To sustain the eco-system, each proponent needs to be incentivized by keeping the BC at the focal point. Greasing of the BC channel is essential as they perform all important customer facing functions. As, using the e-platform is an intangible service for the BC outlet, already cluttered with other physical goods, the BC has to actively promote marketing activities with partner organizations and banks to attract and educate consumers.
The banks work in tandem in rolling out the banking products and services in order to avoid any delay in delivery to the consumers. For performing these time-consuming and costly functions, Sub-K compensates the BC and the bank branch, both during the initial phase of the operations and on a continuous basis through transactions leading to higher saving volume. Consequently, this provides a consistent customer experience every time he/she walks to the BC outlet anywhere across the nation.
Furthermore, through its BC-based model Sub-K reduces costs and manpower from the bank branch's side. This does not mean that the bank branch becomes obsolete. While BC outlets will deal with rural households carrying out small ticket transactions, these outlets still need the bank branch to deposit excess cash-in-hand.
In this ecosystem, the BC outlets scope is the 'last mile,' but banks still do the 'long-haul.' Footfall at the BC outlets gives an extended customer outreach for the bank branch and higher volumes of low-value cash based transactions and higher deposit mobilization. Bank branches thus, are the nodal points to the non-bank BC outlets located in the catchment area in the village.
Sub-K's innovation in technologies and partnership models with the financial institutions, mobile operators, and retail value chains are creating a channel for effectively delivering financial and other services to the unbanked.
Ensuring activity in the no-frills accounts is only a step towards achieving true financial inclusion. True financial inclusion encompasses the development of a social process that embraces a fixture in the remote area known as the BC outlet and makes it a go-to point for a variety of day to day needs.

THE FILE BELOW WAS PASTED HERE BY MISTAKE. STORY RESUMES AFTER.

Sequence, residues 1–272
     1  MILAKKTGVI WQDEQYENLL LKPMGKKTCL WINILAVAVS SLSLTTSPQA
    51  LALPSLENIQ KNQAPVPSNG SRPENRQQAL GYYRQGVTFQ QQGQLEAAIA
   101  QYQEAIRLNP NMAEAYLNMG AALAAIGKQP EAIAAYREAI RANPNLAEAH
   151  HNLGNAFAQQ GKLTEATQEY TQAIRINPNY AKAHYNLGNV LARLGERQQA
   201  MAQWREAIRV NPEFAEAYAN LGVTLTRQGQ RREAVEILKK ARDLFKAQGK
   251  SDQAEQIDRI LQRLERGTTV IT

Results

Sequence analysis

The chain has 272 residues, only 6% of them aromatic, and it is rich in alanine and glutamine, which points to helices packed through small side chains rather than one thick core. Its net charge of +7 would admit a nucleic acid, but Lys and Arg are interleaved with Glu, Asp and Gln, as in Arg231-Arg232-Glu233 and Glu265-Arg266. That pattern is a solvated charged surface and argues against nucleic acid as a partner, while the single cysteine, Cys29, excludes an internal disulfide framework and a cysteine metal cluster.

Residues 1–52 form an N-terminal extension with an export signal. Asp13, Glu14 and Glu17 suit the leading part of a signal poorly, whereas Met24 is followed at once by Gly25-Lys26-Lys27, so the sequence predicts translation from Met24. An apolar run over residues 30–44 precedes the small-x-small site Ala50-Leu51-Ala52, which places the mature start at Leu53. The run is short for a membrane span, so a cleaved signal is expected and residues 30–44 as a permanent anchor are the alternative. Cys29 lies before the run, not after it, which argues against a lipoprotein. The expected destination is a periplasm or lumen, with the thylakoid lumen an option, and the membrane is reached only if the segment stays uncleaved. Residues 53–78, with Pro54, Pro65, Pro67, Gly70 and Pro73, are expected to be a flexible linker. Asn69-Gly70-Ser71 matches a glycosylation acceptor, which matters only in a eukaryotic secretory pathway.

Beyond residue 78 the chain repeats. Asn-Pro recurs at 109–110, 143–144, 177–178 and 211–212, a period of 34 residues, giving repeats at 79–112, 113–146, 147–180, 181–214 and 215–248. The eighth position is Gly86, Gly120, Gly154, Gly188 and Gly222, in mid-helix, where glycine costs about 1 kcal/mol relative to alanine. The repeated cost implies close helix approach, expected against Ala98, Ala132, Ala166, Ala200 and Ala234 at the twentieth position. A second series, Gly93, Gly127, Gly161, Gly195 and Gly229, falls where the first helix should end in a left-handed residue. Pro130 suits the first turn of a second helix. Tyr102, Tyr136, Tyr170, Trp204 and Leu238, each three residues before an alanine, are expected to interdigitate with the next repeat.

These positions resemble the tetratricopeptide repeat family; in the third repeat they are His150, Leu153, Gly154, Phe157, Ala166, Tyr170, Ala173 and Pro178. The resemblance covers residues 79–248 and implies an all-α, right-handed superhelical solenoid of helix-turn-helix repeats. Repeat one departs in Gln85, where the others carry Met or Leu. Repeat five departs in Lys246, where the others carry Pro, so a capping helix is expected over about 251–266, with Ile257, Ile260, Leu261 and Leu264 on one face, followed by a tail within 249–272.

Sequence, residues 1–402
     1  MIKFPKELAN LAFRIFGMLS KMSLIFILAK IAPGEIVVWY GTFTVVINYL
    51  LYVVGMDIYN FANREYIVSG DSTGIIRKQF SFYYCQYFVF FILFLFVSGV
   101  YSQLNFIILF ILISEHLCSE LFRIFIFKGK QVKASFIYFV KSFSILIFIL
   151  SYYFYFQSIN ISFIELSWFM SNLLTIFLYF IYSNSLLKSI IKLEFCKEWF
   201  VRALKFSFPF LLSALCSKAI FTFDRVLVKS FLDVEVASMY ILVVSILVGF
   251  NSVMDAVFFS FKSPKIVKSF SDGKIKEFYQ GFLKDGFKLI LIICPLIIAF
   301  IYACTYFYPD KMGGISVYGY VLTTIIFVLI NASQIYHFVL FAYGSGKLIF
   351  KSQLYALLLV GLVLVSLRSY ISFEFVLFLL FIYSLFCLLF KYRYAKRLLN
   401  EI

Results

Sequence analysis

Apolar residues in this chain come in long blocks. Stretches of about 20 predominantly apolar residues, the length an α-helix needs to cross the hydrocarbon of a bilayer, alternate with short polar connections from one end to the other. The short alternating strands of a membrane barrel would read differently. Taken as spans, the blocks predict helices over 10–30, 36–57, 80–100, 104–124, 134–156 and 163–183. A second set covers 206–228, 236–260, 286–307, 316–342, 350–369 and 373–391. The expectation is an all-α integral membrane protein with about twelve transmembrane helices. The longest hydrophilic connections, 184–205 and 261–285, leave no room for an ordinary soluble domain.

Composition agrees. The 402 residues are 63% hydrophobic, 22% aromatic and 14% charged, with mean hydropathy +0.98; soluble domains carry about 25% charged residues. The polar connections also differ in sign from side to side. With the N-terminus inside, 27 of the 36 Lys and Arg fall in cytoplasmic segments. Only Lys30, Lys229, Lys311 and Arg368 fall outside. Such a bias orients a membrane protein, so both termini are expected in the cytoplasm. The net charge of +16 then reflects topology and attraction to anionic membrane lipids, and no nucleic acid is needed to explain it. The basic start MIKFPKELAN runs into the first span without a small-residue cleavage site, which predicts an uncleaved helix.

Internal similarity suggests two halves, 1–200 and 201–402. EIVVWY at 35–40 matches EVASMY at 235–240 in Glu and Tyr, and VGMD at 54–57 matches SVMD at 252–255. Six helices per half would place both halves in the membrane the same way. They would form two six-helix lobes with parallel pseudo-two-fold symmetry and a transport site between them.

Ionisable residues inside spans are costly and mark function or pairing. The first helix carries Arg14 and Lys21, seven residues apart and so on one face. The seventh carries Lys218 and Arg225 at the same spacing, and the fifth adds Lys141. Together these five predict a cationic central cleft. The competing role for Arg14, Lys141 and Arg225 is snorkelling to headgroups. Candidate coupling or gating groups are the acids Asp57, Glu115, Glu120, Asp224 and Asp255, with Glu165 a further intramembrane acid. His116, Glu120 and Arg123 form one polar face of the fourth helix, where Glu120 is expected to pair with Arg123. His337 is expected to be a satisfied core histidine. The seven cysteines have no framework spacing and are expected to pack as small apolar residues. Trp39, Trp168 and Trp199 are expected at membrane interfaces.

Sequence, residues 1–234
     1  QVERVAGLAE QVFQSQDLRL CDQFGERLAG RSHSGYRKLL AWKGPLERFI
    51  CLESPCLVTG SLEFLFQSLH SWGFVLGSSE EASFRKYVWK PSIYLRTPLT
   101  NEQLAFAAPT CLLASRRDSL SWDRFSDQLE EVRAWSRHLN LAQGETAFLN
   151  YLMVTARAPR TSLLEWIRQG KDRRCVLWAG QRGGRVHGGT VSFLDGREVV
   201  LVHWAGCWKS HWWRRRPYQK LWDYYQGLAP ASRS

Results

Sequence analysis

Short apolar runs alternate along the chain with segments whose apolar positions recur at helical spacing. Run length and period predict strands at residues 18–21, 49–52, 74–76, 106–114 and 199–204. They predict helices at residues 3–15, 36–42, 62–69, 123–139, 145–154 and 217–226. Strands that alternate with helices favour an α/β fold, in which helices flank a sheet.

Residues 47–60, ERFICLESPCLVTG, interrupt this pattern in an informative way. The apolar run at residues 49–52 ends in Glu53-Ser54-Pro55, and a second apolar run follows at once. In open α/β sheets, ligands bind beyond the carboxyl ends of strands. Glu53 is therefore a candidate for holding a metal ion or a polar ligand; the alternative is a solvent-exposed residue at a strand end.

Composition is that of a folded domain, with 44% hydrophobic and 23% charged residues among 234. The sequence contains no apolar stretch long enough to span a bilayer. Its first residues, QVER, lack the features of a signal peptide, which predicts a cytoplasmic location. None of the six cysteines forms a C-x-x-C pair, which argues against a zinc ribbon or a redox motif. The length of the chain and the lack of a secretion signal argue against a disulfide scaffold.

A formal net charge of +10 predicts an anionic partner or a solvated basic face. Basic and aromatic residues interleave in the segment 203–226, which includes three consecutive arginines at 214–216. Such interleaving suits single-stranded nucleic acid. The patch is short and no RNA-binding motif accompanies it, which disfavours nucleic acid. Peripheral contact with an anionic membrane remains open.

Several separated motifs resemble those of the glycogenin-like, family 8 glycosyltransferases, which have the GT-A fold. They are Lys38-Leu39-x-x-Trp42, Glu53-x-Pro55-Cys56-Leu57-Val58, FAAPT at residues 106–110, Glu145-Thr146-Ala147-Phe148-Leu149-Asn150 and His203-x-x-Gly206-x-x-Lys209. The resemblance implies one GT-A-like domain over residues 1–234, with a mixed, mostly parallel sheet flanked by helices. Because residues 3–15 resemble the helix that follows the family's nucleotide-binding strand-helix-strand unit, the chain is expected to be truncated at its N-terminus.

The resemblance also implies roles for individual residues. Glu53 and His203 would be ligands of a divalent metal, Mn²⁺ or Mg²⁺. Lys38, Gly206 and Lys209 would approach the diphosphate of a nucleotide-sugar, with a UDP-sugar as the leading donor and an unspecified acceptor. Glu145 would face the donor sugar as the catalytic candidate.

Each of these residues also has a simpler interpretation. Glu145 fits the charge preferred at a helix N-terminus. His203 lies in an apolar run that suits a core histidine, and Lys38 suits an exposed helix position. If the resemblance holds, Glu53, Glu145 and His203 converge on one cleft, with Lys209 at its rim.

Doing so ensures that access to financial services will strengthen the rural households and contribute to increased liquidity and thus, consumption. This is secondary earning for the BCO, more so as technology shall enable him to move into cashless transactions.
What Sub-K has cultivated, is a process that builds upon the Financial Inclusion mandate by providing access through a retail point, an anchorage to the villagers for a bouquet of services, thereafter engaging consumers in education programs to create trust.
Leveraging trust with innovative products and services developed in conjunction with banks and other service providers to form habits. Seeding the Need of a village to encompass the basic necessities of a household and generate a portfolio for rural inclusion and equitable growth through a chain of human touch-points (BCs). And currently Sub-K is in the process of converting those habits into growth for all touched by the eco-system.
As more BCs adopt this innovation-based model that creates awareness and builds trust through branding, creates a consistent first-hand user experience while building an extensive channel of BCs offering cash in/cash out services, and provides a customer pricing and agent commission structure that focus on key drivers of customer willingness to pay and incentivize early adoption of community development, rather than just cater to the technology enablement of financial inclusion, putting no-frills accounts to work will be a natural consequence of the effort.
May the country move in this direction.
[i] Savings of the Poor: How they do it... By: Sankar Datta, S L Narayana, S Srinivas
[ii] Credit based and Usage Behavior Analysis of No-Frill Accounts
[iii] Credit based and Usage Behavior Analysis of No-Frill Accounts
[iv] How India Earns, Spends and Saves - Results from the Max New York Life and NCAER India Financial Protection Survey
[v] India Economic Survey - Chapter 2 - Micro-foundations of Macro-economic development
[vi] India Economic Survey - Chapter 2 - Micro-foundations of Macro-economic development